Kagan Supported Policy of Reverse Discrimination, Clinton Documents Revealed

June 10, 2010 - 6:41 PM
Supreme Court nominee Elena Kagan resolutely supported "non-remedial affirmative action" when she served in the Clinton Justice Department, according to a 1997 document buried in the more than 100,000 pages released from the Clinton Library last week.

This April 2003 photo provided by Harvard University shows Elena Kagan, Harvard University law school dean. (AP Photo/Harvard University, Kathleen Dooher)

(CNSNews.com) – Supreme Court nominee Elena Kagan resolutely supported “non-remedial affirmative action,” also known as reverse discrimination, when she served in the Clinton Justice Department, according to a 1997 document buried in the more than 100,000 pages released from the Clinton Library last week.
 
The document -- a July 29, 1997 memo from then-Solicitor General Walter Dellinger to Attorney General Janet Reno -- stated that if the U.S. Supreme Court were to decide that Title VII of the 1964 Civil Rights Act “never permits non-remedial affirmative action… (s)uch a holding would be a disaster for civil rights in employment (emphasis in original.)”

Title VII bans discrimination on the basis of race in the workplace.

Kagan, in a handwritten note on the memo, wrote: “I think this is exactly the right position -- as a legal matter, as a policy matter, and as a political matter.”
 
Non-remedial affirmative action refers to the use of racial preferences in hiring to favor a “traditionally marginalized” group, but not for the purpose of attempting to remedy a specific problem caused by discrimination.
 
“I think this will be a very difficult case for (Kagan) to back off from in her confirmation hearings,” Carrie Severino, chief counsel and policy director for the Judicial Crisis Network, told CNSNews.com.
 
The memo concerned a 1989 case in which the Piscataway (N.J.) Board of Education chose to eliminate the tenured teaching position of Sharon Taxman, a Caucasian woman, rather than Debra Williams, a Black woman, on the basis of race, under the district’s affirmative action policy. The women had equal seniority and the high school already had a diverse faculty.
 
The district court ruled against the board in favor of Taxman, who had filed suit on the basis that the board had discriminated against her in violation of Title VII. The U.S. Justice Department, under the George H.W. Bush administration, wieghed in on the case on Taxman's side. 
 
The federal judge, deciding that non-remedial affirmative action violates Title VII, forced the school district to rehire Taxman, as well as pay her lost wages, in addition to other payments.
 
When the board appealed this decision to the Third Circuit Court of Appeals, the Clinton administration’s brief in support of the Board was rejected, and the United States was permitted to withdraw as a party in the case. In 1996, the Third Circuit upheld the lower court decision -- again on the broad grounds that non-remedial affirmative action violates Title VII.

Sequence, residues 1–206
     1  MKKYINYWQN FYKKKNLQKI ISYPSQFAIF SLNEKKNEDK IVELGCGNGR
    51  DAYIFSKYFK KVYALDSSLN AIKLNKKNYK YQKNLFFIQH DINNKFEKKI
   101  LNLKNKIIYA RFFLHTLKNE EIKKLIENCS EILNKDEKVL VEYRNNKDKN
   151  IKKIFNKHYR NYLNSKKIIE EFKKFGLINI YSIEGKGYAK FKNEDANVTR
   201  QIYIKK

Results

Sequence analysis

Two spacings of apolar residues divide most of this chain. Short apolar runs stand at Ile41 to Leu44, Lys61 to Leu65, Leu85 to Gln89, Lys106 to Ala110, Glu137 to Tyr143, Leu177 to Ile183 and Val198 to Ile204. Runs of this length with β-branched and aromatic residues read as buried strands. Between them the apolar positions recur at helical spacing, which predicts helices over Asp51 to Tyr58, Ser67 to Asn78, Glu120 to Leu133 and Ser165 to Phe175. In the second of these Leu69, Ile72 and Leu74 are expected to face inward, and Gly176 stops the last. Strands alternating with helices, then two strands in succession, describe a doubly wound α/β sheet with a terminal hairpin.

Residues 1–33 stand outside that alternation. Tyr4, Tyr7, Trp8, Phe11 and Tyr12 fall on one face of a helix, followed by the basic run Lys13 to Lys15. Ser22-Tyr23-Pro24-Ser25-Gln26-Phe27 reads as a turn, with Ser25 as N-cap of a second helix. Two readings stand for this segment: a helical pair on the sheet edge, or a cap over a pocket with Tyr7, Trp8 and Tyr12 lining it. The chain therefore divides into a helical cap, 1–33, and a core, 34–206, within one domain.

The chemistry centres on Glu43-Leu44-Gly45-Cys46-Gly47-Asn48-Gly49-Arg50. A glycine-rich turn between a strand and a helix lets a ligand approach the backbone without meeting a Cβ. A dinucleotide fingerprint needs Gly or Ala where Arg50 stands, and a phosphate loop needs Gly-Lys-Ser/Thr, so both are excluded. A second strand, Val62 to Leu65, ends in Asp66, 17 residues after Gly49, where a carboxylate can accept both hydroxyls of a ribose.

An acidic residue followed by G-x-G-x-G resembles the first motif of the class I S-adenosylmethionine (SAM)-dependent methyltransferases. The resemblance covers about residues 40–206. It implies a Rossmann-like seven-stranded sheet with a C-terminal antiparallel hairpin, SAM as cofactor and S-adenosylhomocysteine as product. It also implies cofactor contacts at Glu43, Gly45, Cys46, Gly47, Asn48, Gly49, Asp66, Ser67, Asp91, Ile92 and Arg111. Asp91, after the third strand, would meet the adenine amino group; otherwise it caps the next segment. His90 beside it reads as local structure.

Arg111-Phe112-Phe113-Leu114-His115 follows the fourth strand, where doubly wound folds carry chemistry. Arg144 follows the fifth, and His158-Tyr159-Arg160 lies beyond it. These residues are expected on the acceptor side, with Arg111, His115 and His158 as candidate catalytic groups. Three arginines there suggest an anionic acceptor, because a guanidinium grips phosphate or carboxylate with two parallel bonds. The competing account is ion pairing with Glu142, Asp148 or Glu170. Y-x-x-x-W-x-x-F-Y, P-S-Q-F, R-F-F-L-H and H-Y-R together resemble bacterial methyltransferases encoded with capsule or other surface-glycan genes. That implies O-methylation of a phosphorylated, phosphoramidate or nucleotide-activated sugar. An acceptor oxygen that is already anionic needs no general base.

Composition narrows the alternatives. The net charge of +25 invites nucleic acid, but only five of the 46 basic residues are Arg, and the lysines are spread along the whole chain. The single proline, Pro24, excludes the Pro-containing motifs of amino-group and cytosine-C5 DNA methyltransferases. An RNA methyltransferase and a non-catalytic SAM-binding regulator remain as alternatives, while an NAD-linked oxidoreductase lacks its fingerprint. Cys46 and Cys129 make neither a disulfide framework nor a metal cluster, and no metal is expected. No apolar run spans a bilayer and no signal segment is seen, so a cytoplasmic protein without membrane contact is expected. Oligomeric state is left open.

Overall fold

The Clinton administration, fearing that the U.S. Supreme Court would come to the same broad conclusion as the lower courts and serve a fatal blow to non-remedial affirmative action, argued against the Supreme Court from taking the case.
 
Justices, however, took the case in 1997, and the administrationwas reluctantly forced to take a position in the case.
 
“The question of what our brief should say is a sensitive one,” Dellinger, the government's top lawyer at the Supreme Court, wrote in the 1997 memo. After “consulting with representatives of major civil rights litigation groups,” Dellinger decided the best solution was actually to side with Taxman – however, only on the “narrow ground that the Board failed to offer or defend an adequate justification for this particular race-based layoff decision.”
 
By siding with Taxman on only these narrow grounds, the administration hoped to circumvent any question about the legality of non-remedial affirmative action.
 
Dellinger, trying to rationalize this position, wrote: “the use of race in layoffs generally imposes greater burdens than the use of race in hiring and promotion and therefore calls for a correspondingly greater justification.” And because the Board “failed to satisfy that burden,” he added, the lower courts were right to award money to Taxman.
 
Severino said the argument amounted to a political solution to a constitutional problem.
 
“Walter Dellinger’s solution, which Elena Kagan says she supported in no uncertain terms, really amounted to trying to hide the victim,” Severino said.
 
“(Dellinger) said, ‘We should encourage states to do this kind of thing through hiring practices rather than through firing,’” Severino explained. “Well, that’s really just two sides of the same coin – the only difference is that if you discriminate in hiring, it’s much harder to see where the victim is. When you discriminate through firing it’s very clear.”
 
For the question of constitutionality, Severino pointed to Justice Antonin Scalia’s concurring opinion in another major case on affirmatibve action, the 1995 Adarand case, where he wrote:
 
“Individuals who have been wronged by unlawful racial discrimination should be made whole, but, under our Constitution, there can be no such thing as either a creditor or a debtor race.”
 
Rather than a system “where one race is sort of racking up points against another,” said Severino, paraphrasing Justice Scalia, “the Constitution and our government should be treating us as one race where we really are equal in the eyes of the law.”
 
Asked whether Kagan’s support of Dellinger’s position was befitting a Supreme Court Justice, Severino replied, “I certainly think that if she thinks that thin a read is sufficient to save the serious constitutional problems with discrimination in that case, that doesn’t speak well of her judgment, no.”